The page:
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Author Topic: Synchronus Motor via PWM and Interrupt  (Read 382 times)
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Hello!

I am currently trying to operate a 3~ 24V Synchronus motor via PWM. For that, I have a print with 3 half - bridges with the IR2104 controller on it, what works very well with the motor if you send a 3 phase 0-5V PWM.

To test the motor, I've written the following program:
Code:
int n = 0;
int x = 0;
int r[16] = {64,88,109,123,128,123,109,88,64,40,19,5,0,5,19,40};  
int s[16] = {119,103,81,56,32,13,2,1,9,25,47,72,96,115,126,127};
int t[16] = {9,1,2,13,32,56,81,103,119,127,126,115,96,72,47,25};    //These 3 arrays contain the previously calculated 3~ PWM, from 0 to 128.
int rpin = 10;
int spin = 11;
int tpin = 12;


void setup() {
  pinMode(rpin, OUTPUT);
  pinMode(spin, OUTPUT);
  pinMode(tpin, OUTPUT);
}

void loop() {  
if(x>=25)       //Changing that variable makes the frequency (and motor rpm) go up or down.
{
 
  x=0;
  if(n>=16) n=0;
  analogWrite(rpin,r[n]);
  analogWrite(spin,s[n]);
  analogWrite(tpin,t[n]);
  n=n+1;

}
  delay(1);
  x++;
}

In principle that works well, but because that program works with delay I can't combine it with other programs. So I wanted to write a program which uses a timer interrupt, so I downloaded the library "Timer1" and wrote a new one:

Code:
#include "TimerOne.h"
int ledpin=13;
int alle_x_millisekunden=100;
int x=0;
int y=0;
int rpin = 10;
int spin = 11;
int tpin = 12;
int r[16] = {64,88,109,123,128,123,109,88,64,40,19,5,0,5,19,40};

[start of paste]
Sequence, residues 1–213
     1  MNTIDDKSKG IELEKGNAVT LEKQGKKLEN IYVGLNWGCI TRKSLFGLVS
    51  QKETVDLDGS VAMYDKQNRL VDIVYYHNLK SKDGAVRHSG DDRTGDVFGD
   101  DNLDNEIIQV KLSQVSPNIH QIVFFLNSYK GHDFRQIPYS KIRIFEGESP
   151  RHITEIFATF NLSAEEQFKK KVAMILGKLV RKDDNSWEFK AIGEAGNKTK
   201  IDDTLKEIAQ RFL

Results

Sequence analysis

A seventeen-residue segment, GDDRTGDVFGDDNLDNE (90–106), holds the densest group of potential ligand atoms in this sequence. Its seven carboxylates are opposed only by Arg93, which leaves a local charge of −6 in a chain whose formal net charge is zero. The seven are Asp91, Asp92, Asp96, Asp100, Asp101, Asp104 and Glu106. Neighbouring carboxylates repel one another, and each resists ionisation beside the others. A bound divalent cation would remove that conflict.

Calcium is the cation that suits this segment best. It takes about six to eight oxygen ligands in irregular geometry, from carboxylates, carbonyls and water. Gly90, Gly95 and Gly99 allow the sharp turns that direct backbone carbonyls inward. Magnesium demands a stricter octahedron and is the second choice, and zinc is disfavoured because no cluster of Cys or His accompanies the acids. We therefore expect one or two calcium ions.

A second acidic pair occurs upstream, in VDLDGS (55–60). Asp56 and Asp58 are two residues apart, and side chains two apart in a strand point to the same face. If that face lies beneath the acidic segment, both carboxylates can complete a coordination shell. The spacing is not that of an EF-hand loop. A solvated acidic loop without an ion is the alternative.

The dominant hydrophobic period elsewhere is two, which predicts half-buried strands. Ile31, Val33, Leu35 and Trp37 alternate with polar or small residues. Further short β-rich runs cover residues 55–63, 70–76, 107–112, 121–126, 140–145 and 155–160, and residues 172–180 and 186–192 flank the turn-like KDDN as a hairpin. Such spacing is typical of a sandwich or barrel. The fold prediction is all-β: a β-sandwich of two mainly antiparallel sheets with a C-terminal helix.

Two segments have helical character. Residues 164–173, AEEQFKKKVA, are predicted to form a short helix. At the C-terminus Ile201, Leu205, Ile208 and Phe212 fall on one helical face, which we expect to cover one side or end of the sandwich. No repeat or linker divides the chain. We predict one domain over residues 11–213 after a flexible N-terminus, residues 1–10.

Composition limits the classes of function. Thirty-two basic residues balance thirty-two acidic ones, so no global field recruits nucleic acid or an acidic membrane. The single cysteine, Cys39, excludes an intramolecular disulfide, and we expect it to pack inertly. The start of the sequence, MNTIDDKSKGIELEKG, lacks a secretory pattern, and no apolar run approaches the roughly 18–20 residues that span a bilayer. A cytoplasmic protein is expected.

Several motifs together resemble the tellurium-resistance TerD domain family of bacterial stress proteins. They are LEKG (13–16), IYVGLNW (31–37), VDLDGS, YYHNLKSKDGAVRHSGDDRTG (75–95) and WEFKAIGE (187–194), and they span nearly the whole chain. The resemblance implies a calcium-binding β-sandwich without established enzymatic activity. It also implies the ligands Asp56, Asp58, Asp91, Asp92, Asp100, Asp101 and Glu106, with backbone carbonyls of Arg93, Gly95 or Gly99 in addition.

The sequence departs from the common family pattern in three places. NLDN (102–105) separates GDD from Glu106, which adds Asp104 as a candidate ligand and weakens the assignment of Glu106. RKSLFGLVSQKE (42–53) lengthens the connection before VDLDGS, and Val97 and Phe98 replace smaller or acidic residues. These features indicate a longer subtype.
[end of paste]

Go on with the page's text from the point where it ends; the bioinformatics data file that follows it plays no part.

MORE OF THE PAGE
int s[16] = {119,103,81,56,32,13,2,1,9,25,47,72,96,115,126,127};
int t[16] = {9,1,2,13,32,56,81,103,119,127,126,115,96,72,47,25};
int periode=5;

void setup()   {
               pinMode(rpin, OUTPUT);
               pinMode(spin, OUTPUT);
               pinMode(tpin, OUTPUT);
               Timer1.initialize(alle_x_millisekunden*1000);
               Timer1.attachInterrupt(motor);
               }


void motor() {
               if(y>=periode)
               {
                  y=0;
                  if(x>=16) x=0;
                  analogWrite(rpin, r[x]);
                  analogWrite(spin, s[x]);
                  analogWrite(tpin, t[x]);
                  x++;
                
               }
               y++;
               }

    
 
void loop()    {
                    // Main program
               }

Unfortunately, it dosen't work that way and the motor is frozen in one position. However, if I set one output pin to 13 and wath the LED, it looks like a sinus :?

Can anyone help me?
(Please excuse my not so good English)


Greets,
Se11001
« Last Edit: November 12, 2012, 08:40:08 pm by Se11001 » Logged

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